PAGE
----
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DANGER: Superlatives Ahead!

Those Who Can Get Away With It And Those Who Can’t


 Superlatives

 In case you’re a little rusty in vocabulary, here are a few examples of superlatives:

  • Best
  • Cheapest
  • Largest
  • Most Famous
  • Greatest

I really don’t know what possesses a business owner to use these terms in their advertising

Wait. Yes I do! Stupidity. Greed. Ignorance. And a major case of smugness and conceit.

I suppose in the case of a one horse town with one pizza shop, the owner can get away with the tagline, “The Best Pizza In Town”.

If you are in the retail or wholesale product business, or selling some other kind of non-financial product or service, I suppose you can say whatever you want (well, almost…). If you truly think you have the best Stromboli in the universe, GO FOR IT! No harm, no foul. The taste, texture and smells of food are very subjective anyway. Your best might be my worst, so there may be no point to argue.

“The best recliner in the city for an achy back”? What’s the harm? Even if your store does have a money-back guarantee, you’ll more than likely sell many more with probably a few returns, based on that claim of greatness.

If I order what you tout as “World-Class” prime rib… Well, I’d hope it would something near nirvana. But would I say something if it wasn’t? Probably not. So what are the repercussions? Unless your food is horrendously bad, you’ll probably still be able keep your doors open despite your lofty assertions. And probably make a decent living, all things considered.

On the other hand, as an insurance agent I need to be careful. When it comes to financial products, including insurance and other instruments, superlatives are terms you should NOT toss around haphazardly in your advertising, or even in conversation.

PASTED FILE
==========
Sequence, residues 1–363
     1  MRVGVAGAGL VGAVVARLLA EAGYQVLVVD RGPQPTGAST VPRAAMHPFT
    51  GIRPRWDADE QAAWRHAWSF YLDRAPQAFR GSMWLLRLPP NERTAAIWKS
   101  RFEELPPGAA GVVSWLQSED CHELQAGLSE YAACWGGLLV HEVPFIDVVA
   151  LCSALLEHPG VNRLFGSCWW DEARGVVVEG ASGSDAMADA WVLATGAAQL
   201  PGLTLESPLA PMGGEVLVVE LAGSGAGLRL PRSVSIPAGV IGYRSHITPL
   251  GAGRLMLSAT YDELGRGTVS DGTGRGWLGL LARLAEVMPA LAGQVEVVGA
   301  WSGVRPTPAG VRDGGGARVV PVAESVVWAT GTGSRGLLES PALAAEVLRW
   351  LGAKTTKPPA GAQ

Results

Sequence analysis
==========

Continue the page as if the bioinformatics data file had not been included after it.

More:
I’ll stick to the insurance side of things, since I’m generally ignorant about investments and financial instruments. I know for certain in my home state of Pennsylvania, superlatives are taboo, and can actually create legal troubles. If you think you have the BEST insurance product for Joe Contractor, you better not verbalize it or advertise it as such in any other fashion.

If you do, you could be in for big fines, even loss of licensure for misrepresentation, false claims and a plethora of other conduct violations (at least in PA, and probably most or all others).

In my recent travels I ran across a multi-location agency which used the tag line on outdoor signage of “Your Cheapest Insurance”. My first thought was, “God. How lame is that?” Then I REALLY thought about it. That’s a very tall claim to make. Quantify that please. More info needed. Cheapest in what regard? According to who? We all know cheapest isn’t the best, but I have a hunch in that office it was ALSO THE BEST. Why would it be anything but?

This particular business happened to be in another state where I contemplated licensing my own agency. I was determined by the time I started selling in that state, I would be reporting this agency to that state’s insurance department.

Fortunately, someone beat me to it, or perhaps the owner had a revelation about his tactics. I was relieved to not have to spend my valuable time and energy on such craziness and could focus on being this agency’s competitor!

There’s nothing wrong with touting your product or service. There’s something wrong if you don’t! But don’t get egotistical about it. Don’t be fake. Don’t try to be all things to all people, no matter what your business is. Don’t be grandiose.

Be bold, but yet modest. Use words which reasonably describe what makes your business unique and different. Don’t BS. Be quirky, but humble.

Provide quality and dependability at a fair cost. That’s all people really want, from any business… be it a good pizza or a reasonably priced insurance contract with sound coverages through a knowledgeable agent.

Brian Matthias